Hipkins and the UK

United Kingdom?  Ukraine?  Either?  Or both?

So many questions for a PM.

In Britain for the Coronation, Chris Hipkins’s genteel republicanism was rewarded with a plate of leftover sausage rolls

Nor was his muted positivism out of tune with the contemporary London vibe of springtime celebration after winter mourning.  Republicans here have so far been lying low, not gluing themselves to gun carriages.

Continue reading “Hipkins and the UK”

Australia buys nuclear-powered subs – would NZ  be concerned  if we came under attack and they were defending us?

Australia’s move to strengthen  its defence capability with  five nuclear-powered attack submarines  underlines how  relatively defenceless New Zealand  is  in the  Pacific.

Kiwis  may gasp that the Labor government in Australia recognises  it must outlay $400bn on the  nuclear subs, but this ensures  that Australia is  not  exposed  to any marauding raid.

Part of the deal under the Aukus  umbrella (embracing Australia, the United Kingdom and the United States) is that Australia will regularly host US nuclear-powered submarines beginning within five years, and embedding its military personnel with the US and UK navies, as it begins the process of establishing its own industry.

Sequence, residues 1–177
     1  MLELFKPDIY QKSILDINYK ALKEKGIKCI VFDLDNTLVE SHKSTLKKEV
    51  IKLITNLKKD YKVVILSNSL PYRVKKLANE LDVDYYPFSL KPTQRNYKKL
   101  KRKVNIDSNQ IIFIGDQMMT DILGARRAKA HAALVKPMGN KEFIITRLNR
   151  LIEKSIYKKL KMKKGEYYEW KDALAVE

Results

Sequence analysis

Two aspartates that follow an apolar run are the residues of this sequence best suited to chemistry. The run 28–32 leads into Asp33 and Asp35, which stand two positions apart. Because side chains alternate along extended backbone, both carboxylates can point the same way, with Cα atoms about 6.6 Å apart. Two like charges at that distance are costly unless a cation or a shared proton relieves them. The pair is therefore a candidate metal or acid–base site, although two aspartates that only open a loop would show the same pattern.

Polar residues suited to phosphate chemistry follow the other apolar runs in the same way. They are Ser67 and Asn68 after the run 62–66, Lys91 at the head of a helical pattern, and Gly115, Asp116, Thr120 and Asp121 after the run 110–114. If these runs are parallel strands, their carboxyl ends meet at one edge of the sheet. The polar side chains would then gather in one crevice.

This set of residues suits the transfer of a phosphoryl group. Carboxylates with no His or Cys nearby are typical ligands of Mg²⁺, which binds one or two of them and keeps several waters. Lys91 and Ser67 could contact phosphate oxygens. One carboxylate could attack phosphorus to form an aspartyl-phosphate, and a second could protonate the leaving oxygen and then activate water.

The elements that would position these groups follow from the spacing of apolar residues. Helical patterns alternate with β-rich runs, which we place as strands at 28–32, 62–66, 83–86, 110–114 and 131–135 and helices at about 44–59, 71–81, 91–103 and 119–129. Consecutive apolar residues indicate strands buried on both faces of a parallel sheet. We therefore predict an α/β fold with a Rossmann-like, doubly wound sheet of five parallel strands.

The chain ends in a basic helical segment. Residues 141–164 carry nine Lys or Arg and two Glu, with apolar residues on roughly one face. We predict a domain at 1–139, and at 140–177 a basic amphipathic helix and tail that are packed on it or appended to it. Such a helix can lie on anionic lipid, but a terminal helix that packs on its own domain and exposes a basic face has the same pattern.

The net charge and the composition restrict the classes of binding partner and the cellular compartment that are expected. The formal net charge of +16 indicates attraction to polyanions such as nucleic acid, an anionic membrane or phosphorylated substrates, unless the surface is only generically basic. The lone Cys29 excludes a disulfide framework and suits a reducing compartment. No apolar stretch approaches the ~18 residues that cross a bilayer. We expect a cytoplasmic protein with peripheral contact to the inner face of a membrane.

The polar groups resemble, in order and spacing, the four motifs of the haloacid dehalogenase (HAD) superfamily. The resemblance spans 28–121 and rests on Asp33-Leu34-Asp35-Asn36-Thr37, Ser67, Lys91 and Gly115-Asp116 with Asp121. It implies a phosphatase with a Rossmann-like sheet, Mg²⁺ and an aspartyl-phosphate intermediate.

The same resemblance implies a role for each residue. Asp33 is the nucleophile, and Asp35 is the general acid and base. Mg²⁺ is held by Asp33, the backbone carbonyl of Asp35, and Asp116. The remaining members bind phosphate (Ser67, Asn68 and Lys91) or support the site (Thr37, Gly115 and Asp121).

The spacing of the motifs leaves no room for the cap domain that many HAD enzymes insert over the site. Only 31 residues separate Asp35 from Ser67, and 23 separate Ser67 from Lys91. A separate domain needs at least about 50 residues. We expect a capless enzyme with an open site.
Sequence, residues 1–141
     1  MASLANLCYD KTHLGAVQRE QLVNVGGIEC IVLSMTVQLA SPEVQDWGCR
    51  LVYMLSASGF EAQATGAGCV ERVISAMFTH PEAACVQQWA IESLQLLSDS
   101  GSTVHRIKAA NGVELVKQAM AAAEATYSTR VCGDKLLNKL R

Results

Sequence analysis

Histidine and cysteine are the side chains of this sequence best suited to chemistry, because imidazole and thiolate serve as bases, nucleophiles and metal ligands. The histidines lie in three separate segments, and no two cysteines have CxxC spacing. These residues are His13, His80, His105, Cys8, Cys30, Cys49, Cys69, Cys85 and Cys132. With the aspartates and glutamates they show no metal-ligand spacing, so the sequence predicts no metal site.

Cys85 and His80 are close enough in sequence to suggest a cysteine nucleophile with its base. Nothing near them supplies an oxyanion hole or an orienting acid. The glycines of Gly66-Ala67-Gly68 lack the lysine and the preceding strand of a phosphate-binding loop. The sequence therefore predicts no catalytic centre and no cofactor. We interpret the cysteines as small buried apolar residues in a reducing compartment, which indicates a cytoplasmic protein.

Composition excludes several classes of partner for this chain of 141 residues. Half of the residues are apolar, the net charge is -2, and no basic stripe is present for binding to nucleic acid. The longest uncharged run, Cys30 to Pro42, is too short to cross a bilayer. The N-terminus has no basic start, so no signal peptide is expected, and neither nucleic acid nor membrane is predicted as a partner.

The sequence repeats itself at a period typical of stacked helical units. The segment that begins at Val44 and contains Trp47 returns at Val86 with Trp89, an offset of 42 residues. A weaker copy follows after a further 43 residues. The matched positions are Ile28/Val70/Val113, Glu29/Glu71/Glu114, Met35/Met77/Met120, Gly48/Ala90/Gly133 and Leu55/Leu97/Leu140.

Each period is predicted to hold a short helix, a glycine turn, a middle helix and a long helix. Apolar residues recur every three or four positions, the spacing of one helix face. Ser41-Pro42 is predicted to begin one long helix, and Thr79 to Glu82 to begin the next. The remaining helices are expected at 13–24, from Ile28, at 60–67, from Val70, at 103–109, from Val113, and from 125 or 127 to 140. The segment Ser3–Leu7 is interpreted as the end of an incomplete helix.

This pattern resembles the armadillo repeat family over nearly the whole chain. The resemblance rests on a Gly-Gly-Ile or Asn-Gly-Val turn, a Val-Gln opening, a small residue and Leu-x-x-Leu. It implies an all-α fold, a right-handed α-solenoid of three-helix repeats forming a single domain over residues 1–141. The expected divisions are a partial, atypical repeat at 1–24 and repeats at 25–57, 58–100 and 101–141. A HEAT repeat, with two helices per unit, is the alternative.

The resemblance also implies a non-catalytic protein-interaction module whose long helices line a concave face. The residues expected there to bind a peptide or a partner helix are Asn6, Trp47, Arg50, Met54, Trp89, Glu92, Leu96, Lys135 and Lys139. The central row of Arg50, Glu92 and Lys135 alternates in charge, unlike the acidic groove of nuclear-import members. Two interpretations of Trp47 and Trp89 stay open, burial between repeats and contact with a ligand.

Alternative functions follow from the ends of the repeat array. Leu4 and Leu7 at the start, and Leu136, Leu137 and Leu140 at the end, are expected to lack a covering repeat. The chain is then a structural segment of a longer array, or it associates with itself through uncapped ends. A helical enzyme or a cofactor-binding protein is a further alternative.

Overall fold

US President Joe Biden has stressed that the submarines, provided under the trilateral security pact  would be “nuclear-powered, not nuclear-armed”. Continue reading “Australia buys nuclear-powered subs – would NZ  be concerned  if we came under attack and they were defending us?”

In the face of China’s “coercive tendencies”, is  it time for NZ to shape its own “Indo-Pacific strategy”?

Earlier  this  week  Point of  Order  carried  a  post  by Geoffrey Miller  on  how Japan under  a  new security blueprint is doubling its defence spending. The plans see Japan buying up advanced weaponry – including long-range Tomahawk cruise missiles from the US – and spending more on developing hypersonic and cybersecurity technology.

Miller writes that Japan’s new National Security Strategy (NSS) openly calls out China, describing Beijing a ‘matter of serious concern for Japan’ and the ‘greatest strategic challenge’ to the country’s security.

The NSS also alleges China is developing its ‘strategic ties’ with Russia and is seeking to ‘challenge the international order’.